The Kashmiri Hindu community despite homelessness and horrendous ethnic cleansing has survived and will survive. It is the tenacity to weather any storm and belief in its values and morals that has kept the Kashmiri Hindu alive, says Lalit Koul.
January 19 is an insignificant day for most of the people around the world. It comes and goes and nobody notices. But for the last 21 years, for one community, it is the day that brings back frightening and dreadful memories.
It is the day when 21 years ago final nail in the coffin of forsaken community of Kashmiri Hindus was hammered. It was the day when Islamic terrorists and their sympathisers gave 24 hours eviction notice to Kashmiri Hindus. It was the day when the threats of Raliv, Galiv Ya Chaliv (Convert, die or escape) replaced the sounds of evening Azaan (prayers) from majority of mosques in the valley of Kashmir.
It was the day when so-called secularism died in Kashmir. It was the fateful day when humans lost and beasts took over. It was the day that will remain etched in the memories of Kashmiri Hindus worldwide because on this day they lost the most precious thing they had -- their homeland.
And did rest of the world care?
No. Not then, not now.
It has been 21 years since first shots of Kashmiri Hindus' ethnic cleansing were fired loud and clear from the ramparts of mosques in the Kashmir valley. And it has been 21 long years of neglect, apathy and carelessness on the part of all the successive governments both in the state of Jammu and Kashmir and the capital Delhi.
Kashmiri Hindu refugees who were overnight made homeless on January 19, 1990 have been moving from pillar to post, demanding their fundamental rights. But no one cares. No one has time for this community because they are too small a number to matter. It is a shame that the one and only symbol of India in the valley, the Kashmiri Hindus, are treated as pariahs by the government.
If it were not for Kashmiri Hindus and their steadfast belief in the Indian constitution and tricolour, Kashmir would have been lost two decades ago. Sadly that stark realisation is lost on the Indian polity and government.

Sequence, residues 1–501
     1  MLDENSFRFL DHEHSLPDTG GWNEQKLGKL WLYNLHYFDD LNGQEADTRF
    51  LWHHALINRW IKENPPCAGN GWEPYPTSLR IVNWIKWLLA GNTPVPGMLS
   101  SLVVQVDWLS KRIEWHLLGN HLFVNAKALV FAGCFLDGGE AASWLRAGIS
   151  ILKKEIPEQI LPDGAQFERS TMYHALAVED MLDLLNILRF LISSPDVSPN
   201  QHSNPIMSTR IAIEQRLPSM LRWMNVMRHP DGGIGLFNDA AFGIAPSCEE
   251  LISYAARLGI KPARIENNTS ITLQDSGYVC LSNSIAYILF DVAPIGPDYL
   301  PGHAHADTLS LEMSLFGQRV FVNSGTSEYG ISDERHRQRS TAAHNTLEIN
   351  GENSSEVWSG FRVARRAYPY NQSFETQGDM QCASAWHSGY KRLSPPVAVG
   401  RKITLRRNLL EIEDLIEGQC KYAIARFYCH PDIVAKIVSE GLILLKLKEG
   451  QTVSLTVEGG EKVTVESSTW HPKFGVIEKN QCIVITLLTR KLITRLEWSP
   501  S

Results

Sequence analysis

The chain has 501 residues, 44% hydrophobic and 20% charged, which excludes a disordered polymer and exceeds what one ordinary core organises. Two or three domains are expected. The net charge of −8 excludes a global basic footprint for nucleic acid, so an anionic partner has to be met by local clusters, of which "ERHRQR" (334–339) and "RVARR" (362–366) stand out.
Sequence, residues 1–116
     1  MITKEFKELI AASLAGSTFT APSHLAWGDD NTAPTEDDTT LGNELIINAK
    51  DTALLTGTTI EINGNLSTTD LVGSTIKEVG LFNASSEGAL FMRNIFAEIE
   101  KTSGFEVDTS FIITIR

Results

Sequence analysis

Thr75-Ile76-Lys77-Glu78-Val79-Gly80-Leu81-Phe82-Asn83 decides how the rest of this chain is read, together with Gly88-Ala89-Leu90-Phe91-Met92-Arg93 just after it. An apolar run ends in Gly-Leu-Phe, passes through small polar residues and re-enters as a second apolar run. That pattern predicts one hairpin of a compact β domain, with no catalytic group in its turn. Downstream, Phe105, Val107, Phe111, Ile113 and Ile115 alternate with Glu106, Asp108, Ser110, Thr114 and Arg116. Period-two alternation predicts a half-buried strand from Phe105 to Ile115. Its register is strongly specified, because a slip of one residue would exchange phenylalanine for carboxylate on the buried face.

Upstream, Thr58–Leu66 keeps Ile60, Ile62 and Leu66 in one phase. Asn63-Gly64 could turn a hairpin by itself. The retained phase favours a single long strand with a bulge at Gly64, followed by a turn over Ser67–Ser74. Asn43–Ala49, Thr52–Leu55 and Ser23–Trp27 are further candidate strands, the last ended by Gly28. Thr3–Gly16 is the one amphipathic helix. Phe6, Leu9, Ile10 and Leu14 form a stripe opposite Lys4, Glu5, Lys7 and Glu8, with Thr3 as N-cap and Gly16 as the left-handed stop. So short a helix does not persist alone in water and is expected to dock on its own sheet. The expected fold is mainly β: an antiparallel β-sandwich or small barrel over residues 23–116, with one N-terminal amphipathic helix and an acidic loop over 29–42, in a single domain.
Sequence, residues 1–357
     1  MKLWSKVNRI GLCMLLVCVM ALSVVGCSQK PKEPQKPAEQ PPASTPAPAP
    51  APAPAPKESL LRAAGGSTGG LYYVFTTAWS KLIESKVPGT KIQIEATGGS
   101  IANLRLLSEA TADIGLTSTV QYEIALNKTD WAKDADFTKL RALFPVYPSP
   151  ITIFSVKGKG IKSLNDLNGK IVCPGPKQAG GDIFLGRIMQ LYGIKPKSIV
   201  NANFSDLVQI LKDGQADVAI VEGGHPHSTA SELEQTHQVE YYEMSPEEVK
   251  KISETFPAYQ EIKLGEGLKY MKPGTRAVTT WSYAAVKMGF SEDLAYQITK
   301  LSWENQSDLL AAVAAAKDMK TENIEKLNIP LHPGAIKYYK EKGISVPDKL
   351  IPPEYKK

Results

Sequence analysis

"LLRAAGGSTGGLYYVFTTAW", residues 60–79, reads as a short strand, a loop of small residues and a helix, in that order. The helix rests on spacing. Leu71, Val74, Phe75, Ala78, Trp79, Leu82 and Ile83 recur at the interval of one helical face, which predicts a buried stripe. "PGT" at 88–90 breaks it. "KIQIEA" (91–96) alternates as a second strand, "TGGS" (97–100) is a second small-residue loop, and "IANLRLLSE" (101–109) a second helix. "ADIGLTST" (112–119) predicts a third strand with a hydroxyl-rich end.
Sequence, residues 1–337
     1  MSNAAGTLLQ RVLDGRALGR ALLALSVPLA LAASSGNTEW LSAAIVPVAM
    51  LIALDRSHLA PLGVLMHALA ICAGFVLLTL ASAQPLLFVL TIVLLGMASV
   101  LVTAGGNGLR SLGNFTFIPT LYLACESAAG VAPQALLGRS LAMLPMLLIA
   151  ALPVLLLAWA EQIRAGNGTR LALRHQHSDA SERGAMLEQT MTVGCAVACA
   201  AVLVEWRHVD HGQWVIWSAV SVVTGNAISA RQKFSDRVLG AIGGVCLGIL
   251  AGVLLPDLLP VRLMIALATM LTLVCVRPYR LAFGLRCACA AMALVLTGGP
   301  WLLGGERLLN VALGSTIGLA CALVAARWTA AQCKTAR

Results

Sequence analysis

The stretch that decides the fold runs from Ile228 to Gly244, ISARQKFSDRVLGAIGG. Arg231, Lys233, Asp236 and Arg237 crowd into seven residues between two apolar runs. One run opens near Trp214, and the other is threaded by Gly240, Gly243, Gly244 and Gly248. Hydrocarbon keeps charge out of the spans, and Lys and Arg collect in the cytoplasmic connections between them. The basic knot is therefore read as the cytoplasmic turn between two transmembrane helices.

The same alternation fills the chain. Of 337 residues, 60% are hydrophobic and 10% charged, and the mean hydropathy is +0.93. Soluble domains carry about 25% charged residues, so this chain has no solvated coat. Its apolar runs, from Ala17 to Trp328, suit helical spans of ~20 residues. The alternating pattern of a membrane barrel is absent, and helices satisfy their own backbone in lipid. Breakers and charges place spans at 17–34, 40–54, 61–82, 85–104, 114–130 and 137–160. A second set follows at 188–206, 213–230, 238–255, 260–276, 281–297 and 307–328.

It is not mere governments that have ignored this refugee community of patriots and nationalists. Even the media has forgotten its responsibility of highlighting the cause of those who do not have a voice. These days, the mainstream media is more interested in knowing what goes on inside the four walls of the Big Boss' house than fighting for the fundamental rights of those who have been wronged.
Some leading journalists instead of focusing on ethnic cleansing issues like those of Kashmiri Hindus' have converted the noble profession of journalism into tabloid yellow journalism and are busy lobbying for political parties. It is a shame that in a free country like ours with free press, half a million Kashmiri Hindus have been hounded out of their homes and hearths and mainstream media has continued to ignore this for 21 years.
But having said that, the Kashmiri Hindu is a survivor. Islamic terrorists thought they could annihilate and eradicate Kashmiri Hindu community from the face of this earth but they miserably failed in their mission.
The Kashmiri Hindu community despite homelessness and horrendous ethnic cleansing survived and will survive. It is the Kashmiri Hindu's tenacity to weather any storm and belief in its values and morals that has kept the Kashmiri Hindu alive. While Kashmiri Hindus are starting their 22nd year in exile, they will never give up their dream and demand of reclaiming their homeland.
In spite of extreme apathy shown by the world, Kashmiri Hindus will continue to fight for their fundamental rights and homeland in the Vale of Kashmir. Indian governments, Human Rights organisations, the media, and other world bodies might continue to ignore one of the largest ethnic cleansing in the recent times, but that will not shake off Kashmiri Hindus from their just path to their dream.
Nothing can or will break their will.
The dream shall live on. The fight will go on.
Lalit Koul is the president of Indo-American Kashmir Forum and editor of Kashmir Herald.